Bukit Batok by-election: Will ‘by-election effect’ kick in?

The PAP's Mr Murali Pillai (left) and SDP's Dr Chee Soon Juan (right), accompanied by their party members, submitting their nomination forms last Wednesday at Keming Primary School.
The PAP's Mr Murali Pillai (left) and SDP's Dr Chee Soon Juan (right), accompanied by their party members, submitting their nomination forms last Wednesday at Keming Primary School.PHOTO: ELECTIONS DEPARTMENT OF SINGAPORE

Different factors involved in Singapore's third by-election in four years, analysts note

Hougang, Punggol East, and now, Bukit Batok - Singaporeans will witness a third by-election in just under four years. All three arose after resignations by the incumbent MPs over alleged extramarital affairs.

The first two polls were won by the opposition, helped by what politicians and analysts term the "by-election effect". This refers to voters choosing the opposition party, knowing that the ruling People's Action Party (PAP) will not be toppled from power overnight.

But how big this effect is depends on the size of the middle ground of swing voters, who are not loyal to any party and may change their vote from election to election.

In a by-election, this group may vote for the opposition - who may be regarded as the underdog - in a desire for more political plurality.

But this time, it is not so clear whether this "by-election effect" will have a significant influence.

The Bukit Batok by-election is very different from the two most recent local polls, analysts tell The Sunday Times, citing several factors that may well blunt any leaning to buoy up the opposition.

The upcoming poll pits the PAP candidate, lawyer Murali Pillai, 48, against Singapore Democratic Party (SDP) chief Chee Soon Juan, 53.

Factors at play include qualities of the candidates and the party they represent, and the needs and demographic composition of the constituency.

Institute of Policy Studies deputy director for research Gillian Koh expects a relatively even match between Mr Murali, with 16 years of grassroots experience in Bukit Batok, and Dr Chee, whom "people identify as a leader of the opposition movement and voters may think of as an 'underdog'."

The Sunday Times examines the circumstances of the May 7 Bukit Batok poll, and those of Hougang in 2012 and Punggol East in 2013.


The last two by-elections were won by the Workers' Party (WP), which capitalised on simmering frustrations over purported policy missteps by the Government that had resulted in high living costs and a crowded public transport system.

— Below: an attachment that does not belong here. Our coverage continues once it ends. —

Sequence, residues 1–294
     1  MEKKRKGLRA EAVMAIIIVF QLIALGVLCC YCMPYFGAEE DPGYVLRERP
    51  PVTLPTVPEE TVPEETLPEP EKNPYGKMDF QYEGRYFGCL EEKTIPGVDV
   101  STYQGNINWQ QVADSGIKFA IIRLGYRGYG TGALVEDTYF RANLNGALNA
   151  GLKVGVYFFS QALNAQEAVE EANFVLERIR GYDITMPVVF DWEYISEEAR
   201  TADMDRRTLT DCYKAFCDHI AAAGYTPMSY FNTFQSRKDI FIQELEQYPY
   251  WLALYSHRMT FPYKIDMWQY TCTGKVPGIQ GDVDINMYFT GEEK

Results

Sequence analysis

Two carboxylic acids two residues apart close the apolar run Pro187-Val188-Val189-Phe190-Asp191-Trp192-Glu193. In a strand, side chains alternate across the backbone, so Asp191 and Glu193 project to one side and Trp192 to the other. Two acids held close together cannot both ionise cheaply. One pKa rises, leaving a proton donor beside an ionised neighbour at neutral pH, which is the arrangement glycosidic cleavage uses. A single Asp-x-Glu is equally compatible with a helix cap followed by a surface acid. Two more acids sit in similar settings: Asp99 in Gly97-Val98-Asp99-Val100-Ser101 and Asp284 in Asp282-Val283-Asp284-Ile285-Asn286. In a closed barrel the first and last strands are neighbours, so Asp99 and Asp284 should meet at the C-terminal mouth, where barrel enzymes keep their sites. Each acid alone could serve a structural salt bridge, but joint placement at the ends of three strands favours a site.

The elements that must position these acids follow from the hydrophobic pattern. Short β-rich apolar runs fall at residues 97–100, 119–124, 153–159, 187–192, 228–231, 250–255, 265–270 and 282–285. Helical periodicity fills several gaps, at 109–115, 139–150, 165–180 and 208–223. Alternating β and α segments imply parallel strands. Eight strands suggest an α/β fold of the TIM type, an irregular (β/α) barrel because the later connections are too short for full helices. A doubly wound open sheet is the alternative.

The momentum was also with the WP, which at GE2011 made inroads into Parliament, ousting two Cabinet ministers to win Aljunied GRC - the first group representation constituency to fall. The impetus remained with the WP going into Hougang in 2012 and Punggol East in 2013, as the party won these and demonstrated this much-vaunted by-election effect.

In Hougang at GE2011, WP candidate Yaw Shin Leong won with 64.8 per cent of the vote against Mr Desmond Choo of the PAP.

Despite a scandal that erupted after Mr Yaw went missing in action in 2012, its by-election candidate Png Eng Huat still managed to retain the seat with 62.1 per cent of the vote. This was a slight dip of 2.7 percentage points in the vote share.

Hougang has been a WP stronghold since its chief Low Thia Khiang prised the seat from the PAP in 1991. And despite his move to contest Aljunied GRC in 2011, voters continued to show their support for Mr Low's "personal brand".

In Punggol East in GE2011, PAP candidate Michael Palmer won with 54.5 per cent of the vote in a three-way fight. His opponents were the WP's Lee Li Lian (41 per cent) and the Singapore Democratic Alliance's Desmond Lim (4.45 per cent).

By the time of the by-election 1 ½ years later, a number of national issues were still unresolved. There was also a host of unresolved local issues - from stalled upgrading works at Rivervale Plaza to a lack of coffee shops in the new neighbourhood. The PAP was also criticised for "parachuting" its candidate in.

Ms Lee, with her continued presence as a candidate in the 2013 by-election, thus benefited from a groundswell of desire for more opposition voices in Parliament.

She scored 54.5 per cent of the vote in a four-way fight, an improvement of 13.5 percentage points on her GE2011 showing.

Her opponents were the PAP's Dr Koh Poh Koon (43.7 per cent), the Reform Party's Kenneth Jeyaretnam (1.2 per cent) and the SDA's Desmond Lim (0.6 per cent).


The May 7 poll in Bukit Batok comes a mere eight months after GE2015, when the PAP's David Ong, 54, won 73 per cent of the vote in a three-way fight.